In ancient times, a large fortress known as Apsaros was located in the modern village of Gonio, and served as one of the most important Roman strongholds in the Eastern Black Sea region. Although the exact date of its foundation is unknown, it is believed to have been built in the first century AD, and restored in the fourth and sixth centuries.
General view of the fortress walls
Apsaros fortress is distinguished by its large scale and for the quality of its masonry. It is of a slightly elongated rectangular plan, measuring 245m × 195m and covering an area of 4.78 ha. The fortress has an impressive wall-circuit 5 m in height, which is built entirely of stone.
North-west corner tower
The main entrance
to the fortress
foundations of buildings in
In 132 AD, when the military commander Arrian visited Apsaros, it was a large castrum in which were stationed five cohorts, making it an exceptionally large garrison. Inside the fortress there were two main streets, via principalis and via praetoria, running perpendicular to each other with a central square located at their intersection. Archaeological excavations revealed a praetorium, barracks, bathhouses, a water cistern, and a system of water supply and drainage, all dating from the Roman period. It would appear that the majority of structures inside the enclosure were built of timber on stone foundations.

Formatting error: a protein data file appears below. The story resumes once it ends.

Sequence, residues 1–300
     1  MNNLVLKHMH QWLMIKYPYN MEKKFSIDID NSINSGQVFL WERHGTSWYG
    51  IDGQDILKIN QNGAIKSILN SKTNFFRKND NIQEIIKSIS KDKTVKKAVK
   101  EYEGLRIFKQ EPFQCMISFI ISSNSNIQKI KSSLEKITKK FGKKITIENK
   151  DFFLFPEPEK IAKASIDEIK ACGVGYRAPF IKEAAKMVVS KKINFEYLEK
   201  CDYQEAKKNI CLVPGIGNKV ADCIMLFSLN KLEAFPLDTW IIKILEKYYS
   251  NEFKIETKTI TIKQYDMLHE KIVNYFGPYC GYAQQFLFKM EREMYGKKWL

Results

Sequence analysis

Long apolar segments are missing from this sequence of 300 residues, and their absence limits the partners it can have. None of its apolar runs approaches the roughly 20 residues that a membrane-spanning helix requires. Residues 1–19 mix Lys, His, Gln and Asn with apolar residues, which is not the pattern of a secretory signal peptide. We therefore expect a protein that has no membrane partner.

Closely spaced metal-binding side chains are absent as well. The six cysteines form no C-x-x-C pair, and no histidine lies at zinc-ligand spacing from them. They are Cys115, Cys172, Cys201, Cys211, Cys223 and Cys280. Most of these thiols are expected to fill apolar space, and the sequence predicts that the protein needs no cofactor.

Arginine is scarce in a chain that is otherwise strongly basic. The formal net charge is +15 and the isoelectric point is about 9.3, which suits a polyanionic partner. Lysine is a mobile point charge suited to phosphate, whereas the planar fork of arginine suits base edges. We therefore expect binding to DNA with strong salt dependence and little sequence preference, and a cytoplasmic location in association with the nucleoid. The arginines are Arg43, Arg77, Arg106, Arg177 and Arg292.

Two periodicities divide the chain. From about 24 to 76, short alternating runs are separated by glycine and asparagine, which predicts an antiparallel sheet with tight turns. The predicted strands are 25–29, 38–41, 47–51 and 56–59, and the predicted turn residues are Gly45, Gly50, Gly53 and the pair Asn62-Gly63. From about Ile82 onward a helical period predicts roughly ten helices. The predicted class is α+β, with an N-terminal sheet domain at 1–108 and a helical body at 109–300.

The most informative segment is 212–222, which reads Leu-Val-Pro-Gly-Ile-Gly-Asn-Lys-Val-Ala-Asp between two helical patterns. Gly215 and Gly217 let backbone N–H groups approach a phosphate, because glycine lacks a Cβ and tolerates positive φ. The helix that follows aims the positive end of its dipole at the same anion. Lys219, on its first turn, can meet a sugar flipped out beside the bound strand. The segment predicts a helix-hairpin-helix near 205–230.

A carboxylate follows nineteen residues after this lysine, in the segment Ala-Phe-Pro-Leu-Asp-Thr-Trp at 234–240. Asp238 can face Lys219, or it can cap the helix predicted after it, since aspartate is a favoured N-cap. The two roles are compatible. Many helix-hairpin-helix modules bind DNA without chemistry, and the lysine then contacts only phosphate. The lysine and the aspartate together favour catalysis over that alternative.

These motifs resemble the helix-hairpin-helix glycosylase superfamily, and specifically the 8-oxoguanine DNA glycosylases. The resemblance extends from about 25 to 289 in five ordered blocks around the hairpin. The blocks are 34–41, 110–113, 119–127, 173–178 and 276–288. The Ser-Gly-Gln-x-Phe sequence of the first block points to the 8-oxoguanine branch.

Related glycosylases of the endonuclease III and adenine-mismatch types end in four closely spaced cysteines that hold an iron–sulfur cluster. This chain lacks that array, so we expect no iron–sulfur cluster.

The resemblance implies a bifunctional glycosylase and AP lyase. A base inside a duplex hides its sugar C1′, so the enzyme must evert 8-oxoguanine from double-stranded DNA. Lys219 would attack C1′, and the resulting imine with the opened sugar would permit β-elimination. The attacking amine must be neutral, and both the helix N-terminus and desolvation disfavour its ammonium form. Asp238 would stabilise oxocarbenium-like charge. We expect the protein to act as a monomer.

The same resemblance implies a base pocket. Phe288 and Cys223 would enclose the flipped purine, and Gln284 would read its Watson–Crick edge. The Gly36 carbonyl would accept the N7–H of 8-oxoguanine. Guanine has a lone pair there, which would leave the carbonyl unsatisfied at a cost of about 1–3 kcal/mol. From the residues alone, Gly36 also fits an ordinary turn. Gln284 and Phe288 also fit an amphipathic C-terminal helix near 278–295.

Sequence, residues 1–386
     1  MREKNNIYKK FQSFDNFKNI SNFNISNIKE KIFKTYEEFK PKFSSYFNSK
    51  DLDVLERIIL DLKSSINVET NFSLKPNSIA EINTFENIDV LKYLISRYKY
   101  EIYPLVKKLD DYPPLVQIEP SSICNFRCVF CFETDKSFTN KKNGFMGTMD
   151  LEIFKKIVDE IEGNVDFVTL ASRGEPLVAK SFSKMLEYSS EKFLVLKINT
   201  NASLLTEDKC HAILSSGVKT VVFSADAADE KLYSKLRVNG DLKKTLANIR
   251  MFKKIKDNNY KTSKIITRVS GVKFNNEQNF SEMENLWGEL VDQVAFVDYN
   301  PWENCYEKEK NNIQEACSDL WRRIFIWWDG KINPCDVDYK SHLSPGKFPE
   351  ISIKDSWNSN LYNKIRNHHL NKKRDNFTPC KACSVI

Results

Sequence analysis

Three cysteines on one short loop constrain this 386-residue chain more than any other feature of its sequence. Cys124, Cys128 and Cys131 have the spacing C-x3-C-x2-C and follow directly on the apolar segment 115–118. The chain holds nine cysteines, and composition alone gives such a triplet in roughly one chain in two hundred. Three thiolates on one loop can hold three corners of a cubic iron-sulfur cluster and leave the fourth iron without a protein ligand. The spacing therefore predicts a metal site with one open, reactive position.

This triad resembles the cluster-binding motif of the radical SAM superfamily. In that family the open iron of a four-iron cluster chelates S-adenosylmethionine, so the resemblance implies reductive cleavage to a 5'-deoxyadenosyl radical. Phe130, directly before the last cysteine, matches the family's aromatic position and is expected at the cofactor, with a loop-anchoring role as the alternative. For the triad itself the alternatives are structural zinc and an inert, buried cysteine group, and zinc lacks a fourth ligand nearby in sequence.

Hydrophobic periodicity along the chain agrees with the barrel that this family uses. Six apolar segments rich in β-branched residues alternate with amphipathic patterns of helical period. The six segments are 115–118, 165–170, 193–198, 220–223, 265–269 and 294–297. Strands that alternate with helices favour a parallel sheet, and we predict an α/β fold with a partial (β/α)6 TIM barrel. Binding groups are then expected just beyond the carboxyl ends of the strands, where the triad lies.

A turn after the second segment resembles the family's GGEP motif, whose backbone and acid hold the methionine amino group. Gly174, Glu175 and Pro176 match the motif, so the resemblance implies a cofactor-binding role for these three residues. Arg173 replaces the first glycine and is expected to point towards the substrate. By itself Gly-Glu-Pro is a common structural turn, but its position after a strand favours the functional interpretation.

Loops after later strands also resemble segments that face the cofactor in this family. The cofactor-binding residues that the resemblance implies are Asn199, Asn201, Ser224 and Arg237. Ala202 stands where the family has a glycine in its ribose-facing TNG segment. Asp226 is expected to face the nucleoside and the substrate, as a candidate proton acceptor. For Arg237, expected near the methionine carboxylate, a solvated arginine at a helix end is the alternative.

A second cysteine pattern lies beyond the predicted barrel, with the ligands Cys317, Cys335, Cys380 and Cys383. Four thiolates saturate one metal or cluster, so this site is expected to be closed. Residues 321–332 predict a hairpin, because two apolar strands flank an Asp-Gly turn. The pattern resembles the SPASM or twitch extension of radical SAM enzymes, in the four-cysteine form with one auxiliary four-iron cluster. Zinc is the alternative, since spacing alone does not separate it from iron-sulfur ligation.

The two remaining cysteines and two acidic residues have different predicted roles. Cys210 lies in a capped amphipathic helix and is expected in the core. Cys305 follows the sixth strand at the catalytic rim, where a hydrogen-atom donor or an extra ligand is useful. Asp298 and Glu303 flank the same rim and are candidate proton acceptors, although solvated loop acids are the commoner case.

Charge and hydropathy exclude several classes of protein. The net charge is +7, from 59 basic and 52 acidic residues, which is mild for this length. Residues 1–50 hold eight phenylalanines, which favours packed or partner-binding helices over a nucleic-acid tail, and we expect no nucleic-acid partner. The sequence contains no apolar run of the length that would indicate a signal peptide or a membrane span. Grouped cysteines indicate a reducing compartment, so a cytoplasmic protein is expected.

From the twelfth century, Apsaros was included within the unified Kingdom of Georgia. The toponym Gonio that came into use from the fourteenth century may derive from the name of the Italian city, Genoa, as Genoese merchants were actively engaged in trade in the region, and had even established a trading post at the site.
A Bath of the Ottoman
According to Georgian Orthodox Church tradition, the tomb of St Matthias (the apostle chosen to replace Judas Iscariot) is located in Gonio.